Children of the Living Dead is the story of Abbott Hayes, a convicted serial murderer and rapist that was killed in prison and arose from the dead to kidnap children and lead a legion of zombies against people that want to build an auto-mall in place of the cemetery across from his old home. Years after being kidnapped, the children are killed by zombie Abbott Hayes while on their way to a concert, only to rise from the dead as part of his legion of zombies. The construction crew keep finding mysterious things that are happening to the bodies at the cemetery; bodies missing, evidence of live burial. Is this the work of the fabled Abbott Hayes or just vandals and miscreants?
Any way you slice it, this movie is a travesty of cinema. The Night of the Living Dead 30th Anniversary Edition is supposed to be a prequel to this movie, with the Cemetery Zombie (Bill Hinzman) being Abbott Hayes.
Tom Savini starts out the film as a zombie hunter creatively dispatching zombies with a fine array of fire arms and other improvised techniques. This is all made incredibly goofy by the over-dubbing of simple dialog that could have easily been inner monologue. Since Tom’s mouth isn’t moving, it comes across like the mumblings of Popeye. In fact, the first half of the movie has an exceeding amount of over-dubbed dialog that sometimes obviously doesn’t fit with what’s being shown on screen. There are times when the teenagers look like they are talking and even motioning with their hands, yet the dialog had already stopped long before. Most of this over-dubbed dialog happens while the characters faces are not necessarily shown on screen and comes off as dialog that the ”Mystery Science Theater 3000” cast would be interjecting or something from Kung Pow: Enter the Fist. These are all obvious attempt to “fix” the film in post production, but given that these are all tactics used by comedic groups to deride certain works, it comes off as making a jokes of itself.
There are certain things about the movie that just don’t add up. When the teenagers die, there is a funeral for them. You see their 5 caskets lined up and people standing around them mourning. There is a service, after which everyone departs while the caskets stay lined up and above the ground. I haven’t been to too many funerals, but every one of them, and every one I’ve seen on screen, ends which the casket being lowered into the ground, not just left out to rot. Why would they leave them out like this? Because it makes it easier for the grave robbers to come take their jewelry like it says in the script.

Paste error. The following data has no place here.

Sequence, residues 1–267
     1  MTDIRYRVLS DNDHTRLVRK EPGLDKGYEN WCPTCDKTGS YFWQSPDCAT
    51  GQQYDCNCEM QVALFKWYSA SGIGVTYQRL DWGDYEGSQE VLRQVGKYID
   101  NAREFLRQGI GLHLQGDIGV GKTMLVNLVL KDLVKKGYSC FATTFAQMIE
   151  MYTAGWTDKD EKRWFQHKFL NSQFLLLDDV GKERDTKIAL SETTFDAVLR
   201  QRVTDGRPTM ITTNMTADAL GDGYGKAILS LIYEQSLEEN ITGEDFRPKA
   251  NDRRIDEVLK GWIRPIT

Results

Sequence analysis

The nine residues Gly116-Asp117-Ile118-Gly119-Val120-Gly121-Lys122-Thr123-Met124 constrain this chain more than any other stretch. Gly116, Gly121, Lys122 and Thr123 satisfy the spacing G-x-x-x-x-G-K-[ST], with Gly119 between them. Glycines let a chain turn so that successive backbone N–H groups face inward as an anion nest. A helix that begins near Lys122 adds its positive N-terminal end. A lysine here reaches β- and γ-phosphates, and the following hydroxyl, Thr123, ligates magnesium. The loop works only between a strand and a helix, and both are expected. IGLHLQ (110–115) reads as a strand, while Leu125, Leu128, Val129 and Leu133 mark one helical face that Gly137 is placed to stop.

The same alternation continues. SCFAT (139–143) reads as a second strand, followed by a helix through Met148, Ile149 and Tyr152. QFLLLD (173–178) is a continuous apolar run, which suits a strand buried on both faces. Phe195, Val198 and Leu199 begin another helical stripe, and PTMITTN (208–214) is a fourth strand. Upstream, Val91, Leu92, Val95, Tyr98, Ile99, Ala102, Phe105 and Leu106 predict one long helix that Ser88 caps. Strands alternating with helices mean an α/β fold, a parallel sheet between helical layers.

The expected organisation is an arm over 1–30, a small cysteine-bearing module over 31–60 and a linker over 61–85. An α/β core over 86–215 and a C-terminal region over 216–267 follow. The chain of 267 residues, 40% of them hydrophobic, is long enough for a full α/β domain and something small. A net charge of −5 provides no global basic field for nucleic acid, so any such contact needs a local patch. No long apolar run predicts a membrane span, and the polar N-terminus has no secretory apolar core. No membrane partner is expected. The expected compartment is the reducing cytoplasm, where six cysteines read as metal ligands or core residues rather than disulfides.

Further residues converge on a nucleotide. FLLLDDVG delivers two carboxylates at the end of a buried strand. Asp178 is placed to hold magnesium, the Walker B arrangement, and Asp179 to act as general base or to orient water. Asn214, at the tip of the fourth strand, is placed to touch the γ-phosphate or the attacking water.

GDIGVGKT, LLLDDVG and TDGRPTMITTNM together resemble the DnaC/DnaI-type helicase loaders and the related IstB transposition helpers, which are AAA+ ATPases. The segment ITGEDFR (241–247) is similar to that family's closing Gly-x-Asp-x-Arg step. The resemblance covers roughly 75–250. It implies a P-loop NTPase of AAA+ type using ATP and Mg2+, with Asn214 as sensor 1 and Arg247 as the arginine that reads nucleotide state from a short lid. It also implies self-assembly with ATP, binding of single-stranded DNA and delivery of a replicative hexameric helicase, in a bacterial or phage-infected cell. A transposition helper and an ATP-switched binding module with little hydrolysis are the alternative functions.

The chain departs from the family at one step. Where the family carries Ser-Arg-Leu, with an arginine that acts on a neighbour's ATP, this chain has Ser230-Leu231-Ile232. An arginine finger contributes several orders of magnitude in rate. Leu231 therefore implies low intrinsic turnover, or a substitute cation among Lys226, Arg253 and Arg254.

There’s a scene in a diner where Matthew, the son of the man building the auto-mall, goes to see Laurie, the young waitress that has tickled his fancy. He sits down and orders a cup of coffee from her as they chat. Before he even sips the coffee she gives him, she takes the cup away and replaces it with a fresh one and pours another cup. Before he even sips that one, she refills it. Before he even sips the second one, she refills it again. He ends up leaving having never even tasted one of the four cups of coffee that she served.
During the big zombie fight scene at the end, which looks more like a bar brawl scene that should have taken place in the movie Roadhouse, Laurie hides in the store room of the diner while Matthew goes to fight the zombie hordes. She’s left with a handgun and a flashlight. When the power goes out, she fumbles to make the flashlight work. When it does, Abbott Hayes is there, growling in her faces. She screams and cowers on the floor. Suddenly he’s gone and she ventures out of the store room to be attacked by other zombies and subsequently saved by the Sheriff who is able to gun down 6 zombies with 2 shots from the hip. What was that all about?
I really could go on all day about this movie. The fact that it was created with the help of many of the people who made the original Night of the Living Dead is definitely saddening. Tor Ramsey, director of Children of the Living Dead, issued this letter of apology for his involvement with the film along with an account of what he believes went wrong with it. When we saw John Russo at the Flashback Weekend horror convention in Chicago, Nate asked him about Children of the Living Dead in a polite side conversation and he refused to talk about it. I believe that these to things speak mountains about the quality of this film.
Despite all of this, I recommend that everyone with a love for the zombie genre check out this movie, preferably on the cheap, just to see how low it can go. My ceaseless bitching about this movie could never do justice to describing just how bad it is. You really ought to see for yourself.